Author Topic: What point made you go pro?  (Read 885 times)

Offline F16pointy

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What point made you go pro?
« on: October 28, 2018, 08:06:43 AM »
So i have been home brewing for awhile. Recently entered a few home brew competitions. I won first place in a local comp and i took gold and a bronze in a state wide comp. i love making beer, probably my favorite thing to do. Im a retired vet and currently in school for engineering. There is a chance i could attend Siebel, but before taking that leap I am curious at what point did the pros decide they had what it takes to open a brewery? Im in a small market area of about 100k population with 2 microbreweries. I am thinking of doing a 3.5 barrel setup with 7 bbl fermenters where i can do double batches. My biggest concern is what i dont know about large batch brewing. The business side i have a better grasp on though. I guess im looking at the resources availible to learn large batch if i dont attend seibel, and what convinced you that what you brew is marketable? Thanks! I appreciate any feedback!

Offline Visor

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Re: What point made you go pro?
« Reply #1 on: October 29, 2018, 03:50:20 PM »
There are other programs out there besides Siebel and most are less costly, but theirs does seem to be the most accelerated, read as least time commitment. Depending on your location you might do some checking around before committing to Siebel.
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Offline a10t2

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Re: What point made you go pro?
« Reply #2 on: October 29, 2018, 06:48:30 PM »
I'd suggest that a good first step is a temp job/apprenticeship at a small brewery. A lot of the processes that are best-practice in a brewery just aren't available or necessary to home brewers. Plus, enjoying home brewing doesn't necessarily mean the sweaty back-breaking stuff will appeal long-term. Though if you enjoy engineering I suspect the production side won't turn you off too much. A business background is great; that's definitely been my biggest hurdle.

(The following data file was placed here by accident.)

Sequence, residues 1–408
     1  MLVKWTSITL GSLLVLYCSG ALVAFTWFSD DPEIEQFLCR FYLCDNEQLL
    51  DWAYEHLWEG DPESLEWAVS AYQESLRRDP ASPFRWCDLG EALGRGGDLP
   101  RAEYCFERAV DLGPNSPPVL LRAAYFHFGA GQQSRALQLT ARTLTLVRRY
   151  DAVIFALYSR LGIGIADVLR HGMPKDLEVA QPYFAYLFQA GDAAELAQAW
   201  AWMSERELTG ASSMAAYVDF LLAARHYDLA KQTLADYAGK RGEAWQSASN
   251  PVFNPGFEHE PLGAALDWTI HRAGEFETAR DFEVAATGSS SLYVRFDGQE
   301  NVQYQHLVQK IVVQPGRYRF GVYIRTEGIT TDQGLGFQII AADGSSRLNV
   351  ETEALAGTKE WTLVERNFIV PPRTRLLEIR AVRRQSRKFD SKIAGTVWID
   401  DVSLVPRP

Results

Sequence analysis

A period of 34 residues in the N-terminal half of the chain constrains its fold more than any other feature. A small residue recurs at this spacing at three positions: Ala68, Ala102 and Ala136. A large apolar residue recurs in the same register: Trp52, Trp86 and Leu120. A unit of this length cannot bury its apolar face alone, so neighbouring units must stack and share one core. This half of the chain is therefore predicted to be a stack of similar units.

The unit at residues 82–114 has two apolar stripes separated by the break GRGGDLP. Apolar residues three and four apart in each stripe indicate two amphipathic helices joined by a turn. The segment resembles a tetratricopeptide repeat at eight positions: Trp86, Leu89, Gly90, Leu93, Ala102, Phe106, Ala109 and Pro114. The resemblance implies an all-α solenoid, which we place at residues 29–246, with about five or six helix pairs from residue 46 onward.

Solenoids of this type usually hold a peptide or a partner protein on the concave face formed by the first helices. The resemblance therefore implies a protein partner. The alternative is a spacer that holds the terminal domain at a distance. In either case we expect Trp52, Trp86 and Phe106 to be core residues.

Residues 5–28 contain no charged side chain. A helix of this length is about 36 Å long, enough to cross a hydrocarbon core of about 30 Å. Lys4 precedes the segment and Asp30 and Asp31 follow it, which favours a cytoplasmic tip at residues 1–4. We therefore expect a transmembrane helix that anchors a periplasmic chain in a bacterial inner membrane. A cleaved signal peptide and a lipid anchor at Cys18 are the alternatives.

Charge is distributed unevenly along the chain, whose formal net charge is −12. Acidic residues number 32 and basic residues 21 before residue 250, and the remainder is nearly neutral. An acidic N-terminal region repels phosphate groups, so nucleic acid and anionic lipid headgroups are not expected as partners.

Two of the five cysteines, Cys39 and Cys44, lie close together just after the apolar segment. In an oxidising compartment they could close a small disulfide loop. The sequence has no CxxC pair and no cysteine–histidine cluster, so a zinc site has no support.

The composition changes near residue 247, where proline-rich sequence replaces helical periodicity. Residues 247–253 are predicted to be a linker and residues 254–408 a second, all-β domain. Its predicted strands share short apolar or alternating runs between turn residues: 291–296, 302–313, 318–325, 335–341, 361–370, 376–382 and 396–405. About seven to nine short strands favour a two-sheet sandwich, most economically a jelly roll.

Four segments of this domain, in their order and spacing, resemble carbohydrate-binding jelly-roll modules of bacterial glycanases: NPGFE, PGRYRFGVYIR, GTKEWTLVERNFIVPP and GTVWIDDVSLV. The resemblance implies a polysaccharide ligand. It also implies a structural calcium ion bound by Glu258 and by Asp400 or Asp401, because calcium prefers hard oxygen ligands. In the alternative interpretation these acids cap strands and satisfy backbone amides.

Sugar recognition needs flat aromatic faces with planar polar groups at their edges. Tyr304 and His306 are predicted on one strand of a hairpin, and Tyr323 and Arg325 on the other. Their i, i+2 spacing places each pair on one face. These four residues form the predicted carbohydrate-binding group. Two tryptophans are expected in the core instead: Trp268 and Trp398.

Siebel is a great program for honing your skills as a professional brewer but I wouldn't recommend it as anyone's first steps into the industry. I've worked with a couple Siebel grads with no industry experience and they weren't much more help in the brewhouse than an experienced homebrewer. Two cents from someone who hasn't attended but bought the course books.

On system size, I wouldn't go smaller than 7 bbl unless it's a small (<30 seat) taproom with no outside sales - or you're planning on doing a weekends-only semi-hobby kind of model. So little of your costs will be in the stainless that there's just no margin in it once you value your own time, plus vessel prices don't scale linearly. We paid ~30% more for a 15 bbl than the 7 bbl FVs.
« Last Edit: October 29, 2018, 06:50:37 PM by a10t2 »
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Offline James K

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Re: What point made you go pro?
« Reply #3 on: October 29, 2018, 09:33:46 PM »
On system size, I wouldn't go smaller than 7 bbl unless it's a small (<30 seat) taproom with no outside sales - or you're planning on doing a weekends-only semi-hobby kind of model. So little of your costs will be in the stainless that there's just no margin in it once you value your own time, plus vessel prices don't scale linearly. We paid ~30% more for a 15 bbl than the 7 bbl FVs.
That’s cool. I’m working on a business plan and I’ve been thinking of a 5bbl system. Double batch. Or quad batch, but never single.
Also a tap room a little larger than 30. Very few outside sales. Local, self, distribution is how I think of it.
I feel like home brewing (20 times or so a year) has helped me realize what I’d want. Such as main stay flagship beers. And smaller batch special beer.
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Offline boulderbrewer

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Re: What point made you go pro?
« Reply #4 on: October 31, 2018, 05:03:39 PM »
I agree with a10t2. Work at a small brewery, just to see if you like it. Plus you should learn enough that when you open your own it is not such a large jump. I would not start a brewery again without at least a 10 barrel system. Also I would try to find used inexpensive equipment (ie Franken Brew). That will help when you first start when cash flow is slow. It will help you sleep at night, not worrying about a payment for that brand new brewhouse.